‘Recognising the catalyst of your trajectory makes you laugh because when you connect the dots, you imagined it so different.’
Let’s embark on memory lane.
It’s a chance to remember and reminsce.
This is not my personal nor professional story.
Rather my academic one.
One that I don’t cover as much, not because it’s a dark spot but rather because it doesn’t appear in many conversations that I discuss.
This story will give you a kick, as it did for me when I pontificated about it a few moments ago.
It’s not long, but it’s worth it.
For context, I study Human Geography at Queen Mary, University of London and am in my final year.
It starts in Year 9 at Beths Grammar School in Bexley, Kent.
I’m filling out my options for GCSEs.
I have to choose between Geography and History (I had to take one to gain my elusive English Baccalaureate).
I achieved better in History but remember extreme hand swelling and fatigue from essays.
I enjoyed the subject matter of Geography and the GCSE curriculum looked more enticing.
I ticked Geography instead of History.
Fast forward to Year 11 and I had two great teachers, Ms Witherspoon and Mr Mortley.
I was achieving highly and on track for a A* grade.
My GCSE story, in its entirety, is one of disappointment.
Expected to achieve a stellar array of A* grades which never came true, and signified the start of my lacklustre academic performance at the school.
I achieved an A grade in Geography, which I was overall happy and content with.
I had already chosen to go with Geography, Maths, Spanish and English Language for my A Levels based on my enjoyment and my results.
I achieved AAAA in those subjects at GCSE.
When I say disappointing, I mean in comparison to my predicted grades and to work ethic I employed to achieve the grades. I started revising in February for May exams and it was just very deflating.
Hard work didn’t equal a reward and that was my entitlement kicking me up the backside.
At A Level, I had a teach called Mr Hegarty. He taught me Human Geography.
He was very passionate about his job and what he was teaching.
He told me that he went to Loughborough to study Geography and that later inspired me to apply, for their sports programme too.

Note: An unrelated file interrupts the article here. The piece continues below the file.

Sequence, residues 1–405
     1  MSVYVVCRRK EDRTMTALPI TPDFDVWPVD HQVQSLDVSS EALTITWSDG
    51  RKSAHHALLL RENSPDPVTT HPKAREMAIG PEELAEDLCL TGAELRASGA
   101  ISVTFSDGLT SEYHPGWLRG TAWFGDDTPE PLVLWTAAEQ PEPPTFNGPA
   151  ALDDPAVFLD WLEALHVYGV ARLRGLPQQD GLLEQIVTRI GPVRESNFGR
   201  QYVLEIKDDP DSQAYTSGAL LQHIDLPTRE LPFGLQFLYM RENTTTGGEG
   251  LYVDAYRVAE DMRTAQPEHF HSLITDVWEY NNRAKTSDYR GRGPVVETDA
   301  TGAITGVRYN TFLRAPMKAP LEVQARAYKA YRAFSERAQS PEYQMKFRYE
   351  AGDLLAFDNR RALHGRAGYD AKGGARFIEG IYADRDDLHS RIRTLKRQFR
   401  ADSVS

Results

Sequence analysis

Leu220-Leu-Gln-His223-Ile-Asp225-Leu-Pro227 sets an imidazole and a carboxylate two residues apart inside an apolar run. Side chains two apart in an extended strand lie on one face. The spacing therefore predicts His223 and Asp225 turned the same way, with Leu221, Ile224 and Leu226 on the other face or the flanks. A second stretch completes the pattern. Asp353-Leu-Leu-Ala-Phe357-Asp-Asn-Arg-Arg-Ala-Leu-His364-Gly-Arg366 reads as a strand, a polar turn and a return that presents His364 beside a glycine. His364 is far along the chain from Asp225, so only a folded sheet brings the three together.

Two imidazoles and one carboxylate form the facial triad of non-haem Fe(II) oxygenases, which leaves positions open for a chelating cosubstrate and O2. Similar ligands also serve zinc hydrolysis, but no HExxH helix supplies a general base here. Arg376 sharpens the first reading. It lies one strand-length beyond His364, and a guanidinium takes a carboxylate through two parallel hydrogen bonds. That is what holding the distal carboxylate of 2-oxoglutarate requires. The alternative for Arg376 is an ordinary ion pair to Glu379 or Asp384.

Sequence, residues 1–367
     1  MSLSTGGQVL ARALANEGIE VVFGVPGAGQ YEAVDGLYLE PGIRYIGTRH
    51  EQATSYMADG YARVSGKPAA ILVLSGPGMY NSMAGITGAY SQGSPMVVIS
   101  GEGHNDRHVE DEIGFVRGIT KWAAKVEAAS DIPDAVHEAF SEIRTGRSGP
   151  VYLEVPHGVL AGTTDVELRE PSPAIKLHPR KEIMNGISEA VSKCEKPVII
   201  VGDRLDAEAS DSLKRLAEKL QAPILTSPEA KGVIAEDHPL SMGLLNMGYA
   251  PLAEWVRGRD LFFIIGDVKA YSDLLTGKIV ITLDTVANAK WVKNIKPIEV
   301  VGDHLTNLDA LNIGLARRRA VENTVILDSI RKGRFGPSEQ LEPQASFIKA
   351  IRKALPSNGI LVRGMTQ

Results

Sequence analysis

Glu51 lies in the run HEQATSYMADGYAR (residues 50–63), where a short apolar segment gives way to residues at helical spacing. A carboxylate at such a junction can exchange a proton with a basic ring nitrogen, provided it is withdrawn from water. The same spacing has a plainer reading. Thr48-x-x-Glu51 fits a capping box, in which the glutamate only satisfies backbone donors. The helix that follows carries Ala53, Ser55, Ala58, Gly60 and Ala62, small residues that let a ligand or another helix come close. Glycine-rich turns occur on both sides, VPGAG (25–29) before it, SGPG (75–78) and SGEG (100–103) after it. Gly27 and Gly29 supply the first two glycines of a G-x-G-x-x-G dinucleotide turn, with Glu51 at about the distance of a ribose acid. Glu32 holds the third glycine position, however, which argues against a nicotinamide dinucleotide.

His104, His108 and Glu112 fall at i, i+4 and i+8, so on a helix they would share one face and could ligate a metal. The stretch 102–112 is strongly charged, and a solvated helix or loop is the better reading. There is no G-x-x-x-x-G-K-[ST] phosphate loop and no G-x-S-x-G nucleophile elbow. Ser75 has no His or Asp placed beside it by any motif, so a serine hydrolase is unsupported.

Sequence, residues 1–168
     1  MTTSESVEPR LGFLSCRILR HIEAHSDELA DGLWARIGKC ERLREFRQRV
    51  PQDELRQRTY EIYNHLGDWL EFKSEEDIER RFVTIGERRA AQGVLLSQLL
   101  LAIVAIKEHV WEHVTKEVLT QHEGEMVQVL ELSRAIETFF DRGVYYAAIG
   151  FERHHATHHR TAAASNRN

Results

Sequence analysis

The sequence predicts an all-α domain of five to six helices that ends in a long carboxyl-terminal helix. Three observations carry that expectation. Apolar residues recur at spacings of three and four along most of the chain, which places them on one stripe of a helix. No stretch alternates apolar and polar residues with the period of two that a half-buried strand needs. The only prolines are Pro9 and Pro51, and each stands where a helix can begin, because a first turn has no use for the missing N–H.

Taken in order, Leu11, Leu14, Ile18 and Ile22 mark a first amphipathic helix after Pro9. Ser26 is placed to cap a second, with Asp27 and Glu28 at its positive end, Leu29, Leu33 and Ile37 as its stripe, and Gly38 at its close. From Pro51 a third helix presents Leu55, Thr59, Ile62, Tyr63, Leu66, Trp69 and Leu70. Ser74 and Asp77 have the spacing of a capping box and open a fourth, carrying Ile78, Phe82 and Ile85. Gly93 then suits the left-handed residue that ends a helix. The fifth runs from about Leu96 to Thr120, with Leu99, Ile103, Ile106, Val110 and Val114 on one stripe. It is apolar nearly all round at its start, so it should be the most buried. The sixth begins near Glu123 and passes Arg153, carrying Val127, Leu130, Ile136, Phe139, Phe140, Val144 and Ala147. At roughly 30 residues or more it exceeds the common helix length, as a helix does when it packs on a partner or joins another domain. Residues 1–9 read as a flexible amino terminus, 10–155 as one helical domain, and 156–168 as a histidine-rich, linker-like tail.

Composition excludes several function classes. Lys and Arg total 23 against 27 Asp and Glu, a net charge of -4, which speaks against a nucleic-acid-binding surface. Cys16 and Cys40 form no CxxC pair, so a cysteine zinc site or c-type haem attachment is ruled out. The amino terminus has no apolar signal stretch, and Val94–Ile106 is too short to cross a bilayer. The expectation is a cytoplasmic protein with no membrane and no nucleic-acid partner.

The content was harder and more theoretical than physical geography.
But I enjoyed the challenge despite constant low marks.
I took my AS exams and received an B grade in Geography.
I managed to improve my marks in-class and was predicted an A grade.
It was Year 13 and it was time to apply for university, but for what?
Earlier in Year 12, I had visited my now university to study Lingustics.
I took Spanish and English Language and was fascinated by the formation of language for communication.
I dropped English Language after horrible marking errors, giving me a D grade instead of a B on the initial return of my grade.
My attention focused on a subject where I had genuine curiosity.
I looked across my subjects and decided to hone in on Geography.
I saw the enthusiasm and the possibilities for discovery given to me by the three teachers mentioned and set my sights.
I had been predicted AAA despite my ABB AS Level grades.
I applied to do BA Geography at LSE, UCL, Kings, QMUL and Loughborough.
I had four offers and one rejection.
LSE rejected me on my GCSE grades.
I put UCL as my firm (AAA) and QMUL as my insurance (ABB).
Results day 2016.
I missed my UCL offer by a country mile and my QMUL offer too.
But QMUL had decided to accept me based on other candidates and the clearing grades to get in.
A lucky break or a near escape?
I think both.
I don’t know how well academically I would’ve done at UCL.
Nor professionally or personally.
I don’t know what I don’t know.
I’ve been fortunate enough to study abroad in the USA, conduct my dissertation research in the same region, become President of the Geography Society and many more.
I found two passions that were introduced to me during my time at QMUL.
Friends throughout the university who I value and appreciate.
Paying it forward is important.
Not just financially or morally but intellectually.
Giving lectures, sharing tips and tricks or moving past a problem collaboratively is genuine humanity.
Teaching is an incredible gratifying vocation, while its challenges are unparalleled, it can inspire.
I will continue to lend my experience and good luck to others.
As Ms Witherspoon, Mr Mortley and Mr Hegarty did to me all those years ago.
Paying it forward